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On MLK Hospital and DCFS: Our Foster Children Gently Weep

by joshuaallen (writer), Los Angeles, February 16, 2011

Credit: Joshua Allen
Round and Round the Foster Child Goes

The closure of MLK Hospital in Los Angeles has much to teach us about the current Department of Children and Family Services.

Article first published as On MLK Hospital and DCFS: Our Foster Children Gently Weep on Technorati.

On MLK Hospital and DCFS: Our Foster Children Gently Weep.

The Business of Child Abuse

By Joshua Allen

As an amalgamation of failed policies, roads to nowhere, and well-meaning strategies that lead to disappointment and letdown, the Los Angeles County Department of Children and Family Services (DCFS) have few equals in obfuscation and futility.

About the only thing the author can reference of similar ineptitude and human damage would be the recent closure of Martin Luther King County Hospital (MLK) which required a complete closure and a several year “do over,” before a reopening could be considered. http://latimesblogs.latimes.com/lanow/2009/11/uc-regents-approve-partnership-with-la-county-to-reopen-king-hospital.html

One of the requirements by UCLA and other entities stipulated before discussions began to reopen this very necessary hospital was a restriction against political and Board of Supervisor interference to prevent a repetition of the sustained decrepit conditions that existed for decades.

A comparison between DCFS and MLK Hospital is not a comparison of apples and oranges. Actually, there are many similarities. Both entities suffered from years of neglect. And both organizations were damaged by racial, community and government political interference that frequently clashed with the stated goals of meeting the best needs of clients and patients.

Both organizations endured a multitude of directors that changed so frequently, that tenure of more than a couple years, was seen as a stabilizing factor. Directors of both organizations were pushed out frequently, mostly for political reasons, and often left under a cloud of whispered, unproven allegations that seemed to disappear once the new leader was installed.

Along with frequent changes in leadership, both DCFS and MLK cynically imposed policies which were changed and altered, added and added again according to the political flavor of the moment, and often in reaction to some horrific incident involving death, mayhem, criminality, stupidity and a dash of indifference since victims had little voice and even less influence within the electorate.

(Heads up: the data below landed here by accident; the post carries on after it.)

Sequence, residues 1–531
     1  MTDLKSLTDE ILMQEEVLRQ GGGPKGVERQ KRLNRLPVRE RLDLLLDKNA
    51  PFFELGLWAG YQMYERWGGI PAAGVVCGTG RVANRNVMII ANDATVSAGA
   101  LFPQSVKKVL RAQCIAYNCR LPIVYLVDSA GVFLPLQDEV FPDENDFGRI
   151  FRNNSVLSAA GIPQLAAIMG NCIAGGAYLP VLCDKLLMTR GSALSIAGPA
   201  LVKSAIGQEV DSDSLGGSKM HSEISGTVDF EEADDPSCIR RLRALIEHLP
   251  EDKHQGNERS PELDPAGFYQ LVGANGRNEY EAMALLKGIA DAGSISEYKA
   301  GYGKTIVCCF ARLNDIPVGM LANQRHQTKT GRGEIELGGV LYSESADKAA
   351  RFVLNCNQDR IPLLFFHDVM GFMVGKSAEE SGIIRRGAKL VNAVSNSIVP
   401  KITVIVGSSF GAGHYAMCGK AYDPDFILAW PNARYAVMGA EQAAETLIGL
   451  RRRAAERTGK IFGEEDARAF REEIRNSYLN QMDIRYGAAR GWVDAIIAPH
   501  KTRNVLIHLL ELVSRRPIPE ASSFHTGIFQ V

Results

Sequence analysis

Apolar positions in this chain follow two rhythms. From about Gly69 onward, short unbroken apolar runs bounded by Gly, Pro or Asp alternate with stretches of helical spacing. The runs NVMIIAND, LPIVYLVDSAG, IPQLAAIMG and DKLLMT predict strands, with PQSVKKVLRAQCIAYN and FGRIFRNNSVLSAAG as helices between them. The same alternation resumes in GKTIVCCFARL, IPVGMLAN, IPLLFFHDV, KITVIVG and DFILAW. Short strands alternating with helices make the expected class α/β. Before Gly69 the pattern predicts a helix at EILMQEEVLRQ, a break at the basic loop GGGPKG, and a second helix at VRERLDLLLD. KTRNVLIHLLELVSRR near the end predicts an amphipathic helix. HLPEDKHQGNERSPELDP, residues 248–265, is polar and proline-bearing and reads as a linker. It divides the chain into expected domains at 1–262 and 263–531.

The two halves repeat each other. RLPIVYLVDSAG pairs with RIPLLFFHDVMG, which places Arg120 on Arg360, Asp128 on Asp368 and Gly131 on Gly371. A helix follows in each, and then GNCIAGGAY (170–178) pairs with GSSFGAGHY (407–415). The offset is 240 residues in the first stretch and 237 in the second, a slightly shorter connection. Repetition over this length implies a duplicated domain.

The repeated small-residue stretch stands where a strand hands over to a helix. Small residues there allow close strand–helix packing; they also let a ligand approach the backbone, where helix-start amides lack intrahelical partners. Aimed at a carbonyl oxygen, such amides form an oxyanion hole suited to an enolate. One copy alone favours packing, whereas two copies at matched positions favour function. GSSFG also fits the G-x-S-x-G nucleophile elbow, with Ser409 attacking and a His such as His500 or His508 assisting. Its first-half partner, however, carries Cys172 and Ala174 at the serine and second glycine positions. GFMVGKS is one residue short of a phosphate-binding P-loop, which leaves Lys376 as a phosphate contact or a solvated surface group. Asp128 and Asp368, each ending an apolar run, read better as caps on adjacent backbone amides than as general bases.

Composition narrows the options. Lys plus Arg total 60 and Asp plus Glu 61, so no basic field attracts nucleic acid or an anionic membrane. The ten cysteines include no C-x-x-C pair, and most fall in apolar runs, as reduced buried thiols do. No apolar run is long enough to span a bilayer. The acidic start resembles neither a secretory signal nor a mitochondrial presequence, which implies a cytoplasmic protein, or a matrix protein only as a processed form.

MLK Hospital (which had a nasty nickname of “Killer King”) was eventually shut down and emptied since reform was no longer seen as a viable alternative. Competent employees were transferred to other locations within the county. Others found new lines of work, or left the area to work their magic and expertise within more appreciative confines.

Both organizations had huge difficulties in retaining highly trained personnel since both destinations were seen by their best workers as a proving ground or stepping stone towards a more lucrative and positive career choice after doing ones time in the trenches.

Currently, and left in its wake at DCFS as a result of this constant turnover of the well trained and educated personnel, are numbers of mediocre, unambitious, and incompetents who seem to have little hope of establishing themselves in an equal position at another location.

Allowing for the noble and admirable subset of quality, dedicated workers who truly want to be at DCFS, morale and quality of care suffer. Indeed, conditions and the nature of their work at DCFS is so difficult, they have an employee turnover rate that reminds one of a tour of duty.

One way DCFS has dealt with the impossible job of caring for so many abused and neglected children and perceived diminution of quality (if it ever really existed) was to reduce by almost 2 thirds the amount of abused and neglected children the County was willing to care for.

At the same time, the county maintains a budget very close to those tax dollars used and spent when placement into foster care was at its highest almost a decade ago. In other words, while the amount of children placed into foster care by DCFS has decreased by more than 2 thirds during the past decade, the budget in caring for those children has remained mostly the same. The obvious questions then, are abused children much better off? Are they safer?

The County will argue that programs such as Family Preservation and Wrap Around Services which have at its focus keeping families intact has allowed this huge decrease in numbers of children placed into foster care, and ensure a greater amount of children are safer and better cared for.

One can only pray. But I have a question. Do you really believe that abused and neglected children in Los Angeles County are better off than they were a decade ago? And if we can’t be perfect, shouldn’t we at least be good?



About the Writer

joshuaallen is a writer for BrooWaha. For more information, visit the writer's website.
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